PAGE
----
Other newspapers have had no better time with the chief executive. “On transparency, he’s by far the worst governor in my 25 years covering state government, no contest,” said Tom Moran, editorial page editor of The Star-Ledger. “It is a reflex for them to deny the public information. The governor hasn’t come into an editorial board at the Ledger, the state’s largest paper, in five years.”
Christie has also been less than forthcoming on how his office has handled billions of dollars in relief funds for Superstorm Sandy, which demolished much of the state’s scenic coastline, including the famous Asbury Park boardwalk, and destroyed hundreds of homes. In December 2013, for example, the state quietly terminated its $68 million contract with a politically connected firm, hired to administer $700 million in Sandy relief aid. Months later, a state contract manager said the firm had performed poorly and that files were missing or incomplete.
Murray, the Christie spokesman, said the governor has pushed to strengthen oversight of relief funds through several measures, including the creation of an “integrity monitor,” which has published details of the spending. Last year, the Democratic Sen. President Steve Sweeney called the monitor’s reports inadequate.
Many records have been released. And some of them have led to even more trouble for Christie, who’s now struggling to gain traction in his run for president.
In February, The New York Times, drawing on a range of public documents, including some released as part of a lawsuit brought by The Record, detailed a pattern of luxurious, all-expense-paid trips that Christie had taken over the past few years.
In 2012, the governor flew to Israel for a trade mission aboard the private jet of casino-magnate Sheldon Adelson. Christie’s family and several aides came along for the ride, and while they were there ran up a hotel tab during a jaunt to Jordan that totaled some $30,000, paid for by the country’s King Abdullah II, according to the Times.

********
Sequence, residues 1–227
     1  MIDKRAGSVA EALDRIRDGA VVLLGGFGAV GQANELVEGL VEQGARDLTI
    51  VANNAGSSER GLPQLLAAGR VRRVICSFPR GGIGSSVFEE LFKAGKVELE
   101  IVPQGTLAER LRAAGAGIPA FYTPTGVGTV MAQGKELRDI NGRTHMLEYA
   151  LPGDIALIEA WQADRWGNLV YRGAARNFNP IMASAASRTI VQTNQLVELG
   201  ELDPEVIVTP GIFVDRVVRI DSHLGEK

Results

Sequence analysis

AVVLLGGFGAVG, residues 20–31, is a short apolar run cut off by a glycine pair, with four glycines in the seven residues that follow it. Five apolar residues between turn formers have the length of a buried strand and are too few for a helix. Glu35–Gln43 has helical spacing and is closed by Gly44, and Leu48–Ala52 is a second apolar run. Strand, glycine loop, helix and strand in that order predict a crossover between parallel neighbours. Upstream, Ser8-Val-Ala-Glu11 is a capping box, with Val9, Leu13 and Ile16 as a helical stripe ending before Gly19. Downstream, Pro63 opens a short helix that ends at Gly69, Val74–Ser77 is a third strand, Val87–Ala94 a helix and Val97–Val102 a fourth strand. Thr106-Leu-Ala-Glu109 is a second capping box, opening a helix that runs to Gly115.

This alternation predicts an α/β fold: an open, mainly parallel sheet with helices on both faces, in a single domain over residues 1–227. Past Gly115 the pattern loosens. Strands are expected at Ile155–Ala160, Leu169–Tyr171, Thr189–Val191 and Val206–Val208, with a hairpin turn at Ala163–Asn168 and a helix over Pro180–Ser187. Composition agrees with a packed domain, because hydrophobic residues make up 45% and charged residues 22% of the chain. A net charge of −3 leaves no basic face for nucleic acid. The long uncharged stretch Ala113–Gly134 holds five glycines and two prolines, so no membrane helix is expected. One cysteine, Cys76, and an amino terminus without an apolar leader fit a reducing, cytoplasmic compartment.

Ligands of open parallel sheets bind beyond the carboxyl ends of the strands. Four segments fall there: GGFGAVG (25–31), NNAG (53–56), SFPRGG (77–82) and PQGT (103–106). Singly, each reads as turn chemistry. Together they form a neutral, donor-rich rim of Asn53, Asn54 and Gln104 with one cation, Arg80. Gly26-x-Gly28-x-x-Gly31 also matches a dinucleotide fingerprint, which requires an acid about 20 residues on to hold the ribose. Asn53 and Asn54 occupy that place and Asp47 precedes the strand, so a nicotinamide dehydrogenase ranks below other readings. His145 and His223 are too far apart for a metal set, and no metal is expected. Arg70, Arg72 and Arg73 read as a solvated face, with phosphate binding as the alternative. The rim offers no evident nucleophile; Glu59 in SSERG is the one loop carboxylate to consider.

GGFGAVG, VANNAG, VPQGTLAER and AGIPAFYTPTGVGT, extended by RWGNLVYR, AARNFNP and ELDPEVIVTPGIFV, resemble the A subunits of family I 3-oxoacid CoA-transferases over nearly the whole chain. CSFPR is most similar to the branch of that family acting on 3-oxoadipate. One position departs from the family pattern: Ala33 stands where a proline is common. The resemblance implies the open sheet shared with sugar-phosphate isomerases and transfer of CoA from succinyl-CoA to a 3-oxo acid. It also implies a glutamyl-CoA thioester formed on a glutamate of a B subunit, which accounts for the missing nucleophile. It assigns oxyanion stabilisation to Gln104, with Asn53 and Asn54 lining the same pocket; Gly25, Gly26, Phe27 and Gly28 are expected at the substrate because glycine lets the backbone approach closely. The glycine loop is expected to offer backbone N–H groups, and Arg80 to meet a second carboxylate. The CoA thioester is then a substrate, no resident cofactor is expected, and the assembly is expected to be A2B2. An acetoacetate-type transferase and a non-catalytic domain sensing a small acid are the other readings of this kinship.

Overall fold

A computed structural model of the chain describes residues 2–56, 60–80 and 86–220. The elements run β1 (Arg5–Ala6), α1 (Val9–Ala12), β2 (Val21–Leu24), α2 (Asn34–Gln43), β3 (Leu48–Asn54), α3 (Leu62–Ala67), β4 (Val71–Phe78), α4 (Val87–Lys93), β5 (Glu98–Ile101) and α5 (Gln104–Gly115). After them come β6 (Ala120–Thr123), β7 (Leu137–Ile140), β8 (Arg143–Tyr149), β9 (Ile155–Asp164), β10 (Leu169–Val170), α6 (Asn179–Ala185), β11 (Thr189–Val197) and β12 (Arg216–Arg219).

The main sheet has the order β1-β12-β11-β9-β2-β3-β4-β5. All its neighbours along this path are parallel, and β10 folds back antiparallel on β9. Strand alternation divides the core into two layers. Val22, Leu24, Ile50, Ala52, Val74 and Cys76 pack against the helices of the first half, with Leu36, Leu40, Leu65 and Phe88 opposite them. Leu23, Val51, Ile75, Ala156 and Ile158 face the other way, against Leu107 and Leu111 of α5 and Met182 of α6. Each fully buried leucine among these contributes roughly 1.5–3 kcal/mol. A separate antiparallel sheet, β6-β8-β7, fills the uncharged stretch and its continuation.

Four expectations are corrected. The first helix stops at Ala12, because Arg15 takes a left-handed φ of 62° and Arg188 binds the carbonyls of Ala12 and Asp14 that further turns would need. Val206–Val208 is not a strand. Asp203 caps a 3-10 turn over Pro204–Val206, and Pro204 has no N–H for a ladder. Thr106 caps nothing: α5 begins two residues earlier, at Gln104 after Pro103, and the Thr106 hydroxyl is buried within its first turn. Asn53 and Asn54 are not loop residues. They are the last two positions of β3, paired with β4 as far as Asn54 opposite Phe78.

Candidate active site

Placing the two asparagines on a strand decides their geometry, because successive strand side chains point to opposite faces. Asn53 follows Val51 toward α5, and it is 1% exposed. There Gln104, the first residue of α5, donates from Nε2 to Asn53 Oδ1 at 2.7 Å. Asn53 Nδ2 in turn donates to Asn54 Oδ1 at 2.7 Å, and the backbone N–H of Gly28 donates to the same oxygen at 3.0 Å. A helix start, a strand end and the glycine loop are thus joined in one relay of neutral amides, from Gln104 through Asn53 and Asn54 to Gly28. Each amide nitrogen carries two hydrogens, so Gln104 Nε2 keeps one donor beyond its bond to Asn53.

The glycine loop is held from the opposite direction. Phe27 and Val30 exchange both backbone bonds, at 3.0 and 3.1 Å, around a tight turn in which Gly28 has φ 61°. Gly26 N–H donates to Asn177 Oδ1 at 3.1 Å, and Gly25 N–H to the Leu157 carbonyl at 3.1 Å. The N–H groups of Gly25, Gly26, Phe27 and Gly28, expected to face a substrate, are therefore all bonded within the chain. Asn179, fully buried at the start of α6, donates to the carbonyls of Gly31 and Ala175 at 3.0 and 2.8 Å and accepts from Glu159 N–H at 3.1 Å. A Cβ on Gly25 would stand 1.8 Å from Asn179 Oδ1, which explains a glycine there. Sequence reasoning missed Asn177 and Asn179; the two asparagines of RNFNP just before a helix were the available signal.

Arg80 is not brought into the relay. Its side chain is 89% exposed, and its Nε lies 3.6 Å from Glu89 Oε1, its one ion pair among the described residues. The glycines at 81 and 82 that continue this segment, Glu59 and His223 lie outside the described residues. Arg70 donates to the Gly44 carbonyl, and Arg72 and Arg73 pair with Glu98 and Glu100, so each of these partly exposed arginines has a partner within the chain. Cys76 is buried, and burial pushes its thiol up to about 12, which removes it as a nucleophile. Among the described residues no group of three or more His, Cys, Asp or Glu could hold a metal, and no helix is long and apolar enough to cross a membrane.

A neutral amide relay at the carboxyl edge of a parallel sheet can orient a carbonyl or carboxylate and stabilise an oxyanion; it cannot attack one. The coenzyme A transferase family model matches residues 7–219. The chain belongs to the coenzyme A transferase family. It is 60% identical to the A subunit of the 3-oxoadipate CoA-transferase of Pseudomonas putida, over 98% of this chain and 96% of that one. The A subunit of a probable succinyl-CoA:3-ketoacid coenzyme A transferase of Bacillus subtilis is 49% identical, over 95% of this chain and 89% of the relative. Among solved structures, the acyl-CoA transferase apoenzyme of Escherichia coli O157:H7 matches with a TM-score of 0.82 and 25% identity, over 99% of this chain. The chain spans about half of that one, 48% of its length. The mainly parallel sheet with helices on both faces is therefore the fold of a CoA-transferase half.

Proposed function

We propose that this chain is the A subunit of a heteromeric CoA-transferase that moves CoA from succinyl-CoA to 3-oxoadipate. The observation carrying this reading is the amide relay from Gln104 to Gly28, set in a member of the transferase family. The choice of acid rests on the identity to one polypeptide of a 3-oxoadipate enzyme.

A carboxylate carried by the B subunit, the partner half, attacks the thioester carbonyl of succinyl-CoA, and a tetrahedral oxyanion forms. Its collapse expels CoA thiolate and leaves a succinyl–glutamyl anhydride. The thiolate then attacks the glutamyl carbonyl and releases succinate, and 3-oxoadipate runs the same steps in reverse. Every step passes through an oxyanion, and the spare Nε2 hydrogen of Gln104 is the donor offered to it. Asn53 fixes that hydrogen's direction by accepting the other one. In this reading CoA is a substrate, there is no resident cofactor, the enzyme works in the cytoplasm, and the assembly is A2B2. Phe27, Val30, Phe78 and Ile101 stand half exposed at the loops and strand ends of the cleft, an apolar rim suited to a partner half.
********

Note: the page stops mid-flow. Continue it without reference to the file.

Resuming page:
The following year, taxpayers footed a bill of more than $11,500 for Christie, his wife and two staff members to attend the Super Bowl in New Orleans.
All of this came to light just one month after the governor was seen celebrating with Dallas Cowboys owner Jerry Jones as the two watched a game together in his Texas stadium. Christie’s office soon admitted that Jones covered all expenses.
Christie has defended the trips, saying they were merely gifts from personal friends. While an executive order that predates his administration generally prohibits gifts to the governor, it includes an exemption if the gift comes from a friend. Christie also argued that because the presents came from friends, he did not need to disclose them. That assertion was backed in May by an opinion from the attorney general’s office, which came at the request of the State Ethics Commission after lawmakers and advocacy groups called for an inquiry.
“The long history of abuse and violations among top officials in [New Jersey] is compelling evidence of the need for all gifts to be banned, all expenditures and reimbursements to be revealed precisely,” Josh Margolin, a former statehouse reporter who now works for ABC News, said in an email. Margolin also questioned whether the Ethics Commission, which was once lauded as one of the nation’s strongest and most independent, has lost some of its bite.
In fact, a growing chorus of journalists and academics and former Ethics Commission members has been raising concerns that Christie has undermined the panel’s independence and autonomy in recent years. In January 2014, the panel, which appoints its own executive director, accepted Christie’s recommendation that it select one of his longtime aides, who served as the governor’s legal counsel, to run the commission.
Christie’s spokesman has rejected suggestions that the governor exerted any undue influence on the commission, noting that the commission unanimously approved the executive director.
Before Christie took office, the commission had a tradition of appointing independent, nonpartisan executive directors, said William E. Schluter, a former Republican state senator who was the legislature’s leading ethics advocate and served as the commission’s vice chairman from 2010-2013.
Schluter was the sole dissenting vote in early 2011 when the commission’s executive director was forced out and replaced by an employee of the governor’s office. When Schluter’s term expired in 2013, Christie did not reappoint him.
This story is from the Center for Public Integrity, a nonprofit, nonpartisan investigative news organization in Washington, D.C. It is part of State Integrity 2015. How do each state’s laws and practices deter corruption, promote transparency and enforce accountability? Click here to read more stories in this investigation.